As the Open Working Group (OWG) on the Sustainable Development Goals (SDGs) nears its conclusion, the question of whether and how to include governance and peace-related goals and targets in the post-2015 framework continues to be debated. This short note briefly analyzes how governance and peace-related objectives are reflected in the first revision of the OWG’s zero draft (dated June 30) and suggests some key considerations as the negotiations enter their final month.
In West Africa, civil wars have receded, democracy has gained ground and economies are growing. But a destructive new threat is jeopardizing this progress: with local collusion, international drug cartels are undermining our countries and communities, and devastating lives.
On June 15-17, 2014 CIC partnered with Wilton Park, the Norwegian Ministry of Foreign Affairs, the Dutch Ministry of Foreign Affairs, and the French Ministry of Defense to host a discussion on various aspects of peace operations.
More than 50% of the world’s poor are projected to live in conflict-affected and fragile states by 2015. Country donors and the UN development system have and will continue to increasingly place an imperative on delivering transformative development results in complex post-conflict and fragile contexts. These are risky development situations, where the cost of implementation is high and the potential for project failure and financial losses is significant.
In this Lowy Institute Analysis, Richard Gowan reviews Australia’s time as a non-permanent member of the Security Council. Gowan argues that while it has not changed the world, Australia has acquitted itself well, bringing extra rigour and professionalism to the Council’s debates. It has carved out a niche on the issue of humanitarian access in the Syrian conflict, and solidified its reputation as a good international citizen and a serious country.
The Latin America and Caribbean region is distinguished by the range of policies that it has developed to respond to both the opportunities and risks of contemporary globalization. From efforts to increase macroeconomic stability and major programs of economic reform, through innovative investments in social welfare and protection, to fresh approaches to compensating those providing environmental goods and services, the region has been at the forefront of developing new economic, social, and environmental policies.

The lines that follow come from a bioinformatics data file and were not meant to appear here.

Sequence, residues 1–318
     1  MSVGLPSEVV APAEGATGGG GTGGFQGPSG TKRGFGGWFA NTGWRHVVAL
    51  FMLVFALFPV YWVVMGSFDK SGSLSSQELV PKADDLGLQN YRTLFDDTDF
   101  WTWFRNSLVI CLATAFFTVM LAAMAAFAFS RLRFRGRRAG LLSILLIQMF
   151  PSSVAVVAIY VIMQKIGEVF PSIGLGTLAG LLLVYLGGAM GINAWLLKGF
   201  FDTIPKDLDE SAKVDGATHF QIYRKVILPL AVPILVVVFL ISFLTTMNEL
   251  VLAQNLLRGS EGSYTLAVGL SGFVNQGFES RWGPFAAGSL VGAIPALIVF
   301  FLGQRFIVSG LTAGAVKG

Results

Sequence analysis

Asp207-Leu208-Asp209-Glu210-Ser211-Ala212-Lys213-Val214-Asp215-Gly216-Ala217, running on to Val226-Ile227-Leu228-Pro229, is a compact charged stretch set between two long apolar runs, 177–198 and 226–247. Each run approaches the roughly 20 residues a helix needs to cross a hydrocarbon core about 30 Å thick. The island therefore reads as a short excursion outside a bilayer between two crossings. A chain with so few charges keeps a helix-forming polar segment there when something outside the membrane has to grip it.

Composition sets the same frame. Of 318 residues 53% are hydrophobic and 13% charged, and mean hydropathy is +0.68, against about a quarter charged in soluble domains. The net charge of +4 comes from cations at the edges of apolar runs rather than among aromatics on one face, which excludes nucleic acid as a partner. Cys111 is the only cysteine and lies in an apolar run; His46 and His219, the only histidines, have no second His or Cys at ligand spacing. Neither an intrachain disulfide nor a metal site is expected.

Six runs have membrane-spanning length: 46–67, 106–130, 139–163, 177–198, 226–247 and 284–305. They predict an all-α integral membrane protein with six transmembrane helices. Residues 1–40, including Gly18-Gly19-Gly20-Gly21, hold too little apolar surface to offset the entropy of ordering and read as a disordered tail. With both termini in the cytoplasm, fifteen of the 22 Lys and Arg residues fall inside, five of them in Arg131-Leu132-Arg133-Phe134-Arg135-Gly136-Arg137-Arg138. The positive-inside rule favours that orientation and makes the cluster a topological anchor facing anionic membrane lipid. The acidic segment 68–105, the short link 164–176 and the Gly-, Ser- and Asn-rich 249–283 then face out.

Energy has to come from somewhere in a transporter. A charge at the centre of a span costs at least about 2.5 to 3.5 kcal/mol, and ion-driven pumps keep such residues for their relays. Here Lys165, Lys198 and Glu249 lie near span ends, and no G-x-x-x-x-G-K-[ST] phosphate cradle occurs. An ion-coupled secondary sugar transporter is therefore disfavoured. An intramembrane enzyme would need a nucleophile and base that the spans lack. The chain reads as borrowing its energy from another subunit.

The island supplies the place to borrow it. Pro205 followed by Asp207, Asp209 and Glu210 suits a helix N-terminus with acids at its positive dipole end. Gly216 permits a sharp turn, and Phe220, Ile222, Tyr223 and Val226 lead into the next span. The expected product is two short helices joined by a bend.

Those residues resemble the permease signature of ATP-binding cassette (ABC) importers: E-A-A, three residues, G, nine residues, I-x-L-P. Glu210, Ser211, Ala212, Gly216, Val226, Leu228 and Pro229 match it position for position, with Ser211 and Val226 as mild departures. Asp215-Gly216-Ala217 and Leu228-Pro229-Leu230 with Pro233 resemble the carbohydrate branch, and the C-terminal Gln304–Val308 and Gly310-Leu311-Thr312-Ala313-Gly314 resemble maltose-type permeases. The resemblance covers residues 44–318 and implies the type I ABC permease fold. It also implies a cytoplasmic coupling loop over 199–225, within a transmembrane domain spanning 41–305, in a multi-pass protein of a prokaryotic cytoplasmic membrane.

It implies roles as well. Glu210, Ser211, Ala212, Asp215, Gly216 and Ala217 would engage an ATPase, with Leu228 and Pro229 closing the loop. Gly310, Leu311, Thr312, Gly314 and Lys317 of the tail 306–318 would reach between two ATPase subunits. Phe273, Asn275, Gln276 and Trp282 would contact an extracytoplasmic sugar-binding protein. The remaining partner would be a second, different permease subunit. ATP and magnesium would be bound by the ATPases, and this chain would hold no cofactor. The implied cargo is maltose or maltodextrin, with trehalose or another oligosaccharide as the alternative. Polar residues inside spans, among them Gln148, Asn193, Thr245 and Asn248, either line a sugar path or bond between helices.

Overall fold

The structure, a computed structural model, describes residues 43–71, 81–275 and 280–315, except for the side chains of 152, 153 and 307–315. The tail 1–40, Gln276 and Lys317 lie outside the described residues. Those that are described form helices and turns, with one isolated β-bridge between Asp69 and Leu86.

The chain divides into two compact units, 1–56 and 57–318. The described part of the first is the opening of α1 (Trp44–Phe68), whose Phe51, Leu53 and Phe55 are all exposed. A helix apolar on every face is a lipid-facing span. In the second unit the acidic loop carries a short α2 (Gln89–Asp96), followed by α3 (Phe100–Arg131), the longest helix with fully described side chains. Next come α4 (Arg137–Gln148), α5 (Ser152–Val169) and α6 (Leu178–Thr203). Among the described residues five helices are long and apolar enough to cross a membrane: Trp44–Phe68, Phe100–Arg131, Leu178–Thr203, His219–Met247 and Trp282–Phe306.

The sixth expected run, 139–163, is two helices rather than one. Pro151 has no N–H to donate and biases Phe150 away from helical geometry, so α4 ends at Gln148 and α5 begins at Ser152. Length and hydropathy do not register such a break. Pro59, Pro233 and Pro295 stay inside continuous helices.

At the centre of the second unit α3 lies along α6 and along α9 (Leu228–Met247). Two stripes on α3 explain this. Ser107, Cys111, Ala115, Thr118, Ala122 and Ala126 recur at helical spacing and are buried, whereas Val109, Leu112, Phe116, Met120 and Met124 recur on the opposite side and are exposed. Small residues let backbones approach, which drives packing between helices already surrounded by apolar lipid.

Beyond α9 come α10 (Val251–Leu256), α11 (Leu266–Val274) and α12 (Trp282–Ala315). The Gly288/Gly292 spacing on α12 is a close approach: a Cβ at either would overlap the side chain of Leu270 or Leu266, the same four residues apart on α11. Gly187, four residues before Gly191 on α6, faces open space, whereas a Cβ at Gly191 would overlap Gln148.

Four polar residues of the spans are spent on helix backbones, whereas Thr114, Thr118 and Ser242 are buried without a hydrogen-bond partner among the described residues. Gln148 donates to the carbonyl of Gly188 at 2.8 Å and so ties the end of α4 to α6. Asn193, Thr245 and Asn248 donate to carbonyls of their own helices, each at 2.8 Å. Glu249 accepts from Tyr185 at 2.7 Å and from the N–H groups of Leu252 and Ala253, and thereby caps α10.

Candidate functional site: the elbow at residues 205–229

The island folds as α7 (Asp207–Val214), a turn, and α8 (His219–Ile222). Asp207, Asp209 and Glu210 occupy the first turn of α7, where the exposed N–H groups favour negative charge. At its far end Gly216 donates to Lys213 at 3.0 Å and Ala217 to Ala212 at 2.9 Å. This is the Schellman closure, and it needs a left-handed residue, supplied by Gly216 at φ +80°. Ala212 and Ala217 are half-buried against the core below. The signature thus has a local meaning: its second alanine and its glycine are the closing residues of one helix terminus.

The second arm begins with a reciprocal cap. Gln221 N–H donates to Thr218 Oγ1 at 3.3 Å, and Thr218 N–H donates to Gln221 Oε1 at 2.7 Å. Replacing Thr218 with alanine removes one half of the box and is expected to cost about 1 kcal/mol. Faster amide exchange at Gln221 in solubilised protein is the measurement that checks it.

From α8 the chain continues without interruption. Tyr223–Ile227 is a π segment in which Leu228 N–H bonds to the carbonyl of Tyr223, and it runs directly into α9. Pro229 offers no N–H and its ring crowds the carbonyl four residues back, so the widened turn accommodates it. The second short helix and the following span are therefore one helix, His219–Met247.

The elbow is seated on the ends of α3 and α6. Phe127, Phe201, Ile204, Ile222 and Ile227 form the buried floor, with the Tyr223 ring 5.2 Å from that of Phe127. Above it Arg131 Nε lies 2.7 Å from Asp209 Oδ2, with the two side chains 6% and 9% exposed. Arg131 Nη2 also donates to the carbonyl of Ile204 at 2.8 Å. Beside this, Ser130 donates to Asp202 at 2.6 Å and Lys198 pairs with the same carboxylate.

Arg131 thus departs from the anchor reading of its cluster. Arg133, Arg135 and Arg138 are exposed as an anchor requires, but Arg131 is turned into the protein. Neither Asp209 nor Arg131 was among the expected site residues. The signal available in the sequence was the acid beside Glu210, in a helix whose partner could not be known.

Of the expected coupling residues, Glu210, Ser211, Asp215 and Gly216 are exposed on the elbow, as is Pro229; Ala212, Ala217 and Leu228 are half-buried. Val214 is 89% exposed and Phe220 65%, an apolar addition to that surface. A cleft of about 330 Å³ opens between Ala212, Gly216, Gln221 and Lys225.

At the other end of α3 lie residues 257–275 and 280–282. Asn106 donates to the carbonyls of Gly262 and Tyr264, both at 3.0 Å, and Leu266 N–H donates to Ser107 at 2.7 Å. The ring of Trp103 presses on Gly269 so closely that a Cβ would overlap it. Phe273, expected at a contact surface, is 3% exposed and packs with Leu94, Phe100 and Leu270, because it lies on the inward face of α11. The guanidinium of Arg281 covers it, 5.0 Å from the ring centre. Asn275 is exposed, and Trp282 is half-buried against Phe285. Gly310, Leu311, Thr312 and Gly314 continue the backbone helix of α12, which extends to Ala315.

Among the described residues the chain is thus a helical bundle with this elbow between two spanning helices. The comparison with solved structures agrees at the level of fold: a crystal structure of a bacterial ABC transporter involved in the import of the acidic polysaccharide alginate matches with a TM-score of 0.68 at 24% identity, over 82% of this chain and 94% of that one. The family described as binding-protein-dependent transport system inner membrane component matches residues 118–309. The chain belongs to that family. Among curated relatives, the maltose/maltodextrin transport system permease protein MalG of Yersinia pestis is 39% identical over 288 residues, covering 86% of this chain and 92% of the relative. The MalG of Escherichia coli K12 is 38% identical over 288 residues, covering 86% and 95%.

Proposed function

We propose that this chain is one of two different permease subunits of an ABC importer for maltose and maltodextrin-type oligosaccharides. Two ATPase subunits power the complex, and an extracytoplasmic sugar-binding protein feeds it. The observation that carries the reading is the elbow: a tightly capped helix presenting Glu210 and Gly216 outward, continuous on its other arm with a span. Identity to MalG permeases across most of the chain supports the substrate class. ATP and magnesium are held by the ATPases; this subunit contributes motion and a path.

Member states are increasingly looking to 2015 as a milestone for progress on United Nations Security Council reform. 2015 marks the seventieth anniversary of the UN, fifty years since the implementation of the last (and only) Council enlargement, and ten years since the 2005 World Summit. This paper provides an overview of the current context, an explanation of global perspectives on UNSC reform, and analysis of discussions on UNSC reform in and around the African Union.
There is a broad agreement that the United Nations’ “Peacebuilding Architecture” (PBA) has failed to live up to the high hopes that existed when the 2005 World Summit agreed to establish the Peacebuilding Commission (PBC) and its related entities, the Peacebuilding Support Office (PBSO) and the Peacebuilding Fund.
CIC has initiated a project to study external actors’ peacebuilding frameworks in Somalia. The purpose is to ascertain whether and how the international community is applying recent international learning on peacebuilding, and is able to forge coherent and effective approaches to helping countries pursue peaceful political settlements.
On April 24-25, 2014, the President of the UN General Assembly hosted a debate on the nexus of development, peace, and stability to allow member states to reflect on the theme in the context of ongoing post-2015 development discussions. CIC Senior Fellow David Steven contributed to the meeting by moderating part of the discussions and providing input in the form of a memo to the President of the General Assembly.